Dofann has grown exponentially over its six years of existence. It started by producing a single fresh goat’s cheese. Now it produces nine varieties of goat’s cheese, a goat’s milk and cow’s milk blend, and two pure cow’s milk cheeses.
“When we started, restaurants weren’t really that interested in locally made Thai cheeses,” he said. “That’s no longer the case.”
Among the specialist stockists, VIVIN Grocery has been a catalyst in the evolution of Thailand’s artisanal cheesemaking scene. Co-owners Nicolas Vivin and his wife and business partner Samantha Proyrungtong – who is also the founder of the Bangkok Foodies OFFICIAL Facebook Group and BangkokFoodies.com – are vocal evangelists for Thai artisanal gourmet products, especially cheese.
When they started their business selling at farmer’s markets and food events in Bangkok in 2013, a local goat cheese was one of their first 10 products. These days, the pair work with five different Thai artisanal cheese producers and stock more than 30 cheeses in their grocery.
“The quality of the Thai-made cheese has been drastically improving as the producers gain more experience and solidified high-quality raw milk supply,” said Vivin. “Indeed, practise makes perfect. Working with local producers allows us to offer regular feedback. And to be involved in perfecting the different products and the creation of new cheeses. It’s a partnership, not just a trade-off.”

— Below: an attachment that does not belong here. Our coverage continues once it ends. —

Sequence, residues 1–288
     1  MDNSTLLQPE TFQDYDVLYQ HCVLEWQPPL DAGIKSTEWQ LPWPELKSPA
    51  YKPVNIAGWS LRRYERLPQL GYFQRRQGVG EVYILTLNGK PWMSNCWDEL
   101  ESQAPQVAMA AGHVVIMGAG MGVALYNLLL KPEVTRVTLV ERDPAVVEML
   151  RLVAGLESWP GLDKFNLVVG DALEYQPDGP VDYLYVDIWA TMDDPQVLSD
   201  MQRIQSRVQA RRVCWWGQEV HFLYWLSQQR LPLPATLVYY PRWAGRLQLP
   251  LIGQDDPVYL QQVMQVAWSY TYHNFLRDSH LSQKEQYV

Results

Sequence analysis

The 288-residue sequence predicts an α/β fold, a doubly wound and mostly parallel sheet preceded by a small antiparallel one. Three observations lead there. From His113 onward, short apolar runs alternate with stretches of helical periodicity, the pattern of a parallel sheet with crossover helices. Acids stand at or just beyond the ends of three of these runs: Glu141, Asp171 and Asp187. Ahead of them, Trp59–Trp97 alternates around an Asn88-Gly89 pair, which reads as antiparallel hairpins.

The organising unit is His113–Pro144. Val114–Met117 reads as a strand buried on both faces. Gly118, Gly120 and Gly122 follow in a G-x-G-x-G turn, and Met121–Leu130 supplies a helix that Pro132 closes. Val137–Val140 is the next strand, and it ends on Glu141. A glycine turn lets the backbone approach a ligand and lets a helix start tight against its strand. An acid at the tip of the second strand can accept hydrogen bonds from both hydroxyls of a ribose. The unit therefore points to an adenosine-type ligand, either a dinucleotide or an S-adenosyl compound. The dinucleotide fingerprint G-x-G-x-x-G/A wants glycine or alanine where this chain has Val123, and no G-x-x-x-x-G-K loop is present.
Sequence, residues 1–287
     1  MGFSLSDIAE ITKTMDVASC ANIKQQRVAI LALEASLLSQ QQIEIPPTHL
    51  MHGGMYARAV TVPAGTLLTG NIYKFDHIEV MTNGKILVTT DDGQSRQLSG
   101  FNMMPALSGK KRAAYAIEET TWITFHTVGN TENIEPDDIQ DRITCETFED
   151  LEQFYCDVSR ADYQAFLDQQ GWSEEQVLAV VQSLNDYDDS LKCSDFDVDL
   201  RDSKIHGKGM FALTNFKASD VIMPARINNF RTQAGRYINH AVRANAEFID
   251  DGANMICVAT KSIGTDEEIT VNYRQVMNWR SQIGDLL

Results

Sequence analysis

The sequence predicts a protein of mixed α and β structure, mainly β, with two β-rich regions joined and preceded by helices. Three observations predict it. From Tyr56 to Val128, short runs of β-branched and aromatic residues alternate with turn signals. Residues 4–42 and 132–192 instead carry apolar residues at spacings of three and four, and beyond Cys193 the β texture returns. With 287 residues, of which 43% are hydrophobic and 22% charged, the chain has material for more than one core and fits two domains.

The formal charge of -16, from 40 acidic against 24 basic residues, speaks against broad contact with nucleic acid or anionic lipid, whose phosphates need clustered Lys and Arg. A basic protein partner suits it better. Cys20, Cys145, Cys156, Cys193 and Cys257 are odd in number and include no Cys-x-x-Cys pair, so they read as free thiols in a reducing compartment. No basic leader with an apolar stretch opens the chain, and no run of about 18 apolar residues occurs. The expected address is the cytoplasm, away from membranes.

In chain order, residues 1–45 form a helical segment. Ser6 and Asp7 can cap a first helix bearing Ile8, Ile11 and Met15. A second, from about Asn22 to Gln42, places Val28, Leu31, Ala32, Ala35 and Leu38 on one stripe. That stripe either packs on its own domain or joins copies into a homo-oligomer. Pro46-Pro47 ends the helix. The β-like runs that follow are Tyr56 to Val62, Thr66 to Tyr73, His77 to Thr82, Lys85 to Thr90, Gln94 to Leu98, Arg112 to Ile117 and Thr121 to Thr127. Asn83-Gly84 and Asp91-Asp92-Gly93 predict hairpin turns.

Vivin has several favourites among the cheeses stocked at his grocery. He singles out Tha Sai Blue, a “nicely creamy” strong, crumbly cow milk blue cheese from Chiang Rai.
Meet the third generation Malaysian soy sauce brewer who started her own artisan label
The cheeses can also benefit from judicious in-house tweaking. Colline is dry-aged from a Petit Blanc cheese base from Chiang Mai. Huay Bong Duriff, meanwhile, is modified by drowning Huay Bong (a cow milk cheese from Chiang Rai) into Durif, an award-winning red by acclaimed Thai winery GranMonte.
This spirit of gleeful tweaking is alive among the cheesemakers themselves. At Jartisann, Jart’s years of early exploration have given him license to plough a very distinctive furrow. He regularly tinkers with starter culture blends, ageing times, rind treatment, curd size, stirring time and other factors to create different results.
Other experiments might include making alpine cheese with a press inspired by tofu production. Self-designed labels that incorporate Thai or Asian influence and cheese names revealing an often-humorous origin story show an innately Thai sense of fun. Staid and commerce-orientated, it most decidedly is not.
“These producers are true artists,” added Vivin. “Our job is to show people that Thai cheese can be just as good if not better than many imports.”
Given the mounting evidence, it seems that these days original material is taking precedence over cheesy cover versions.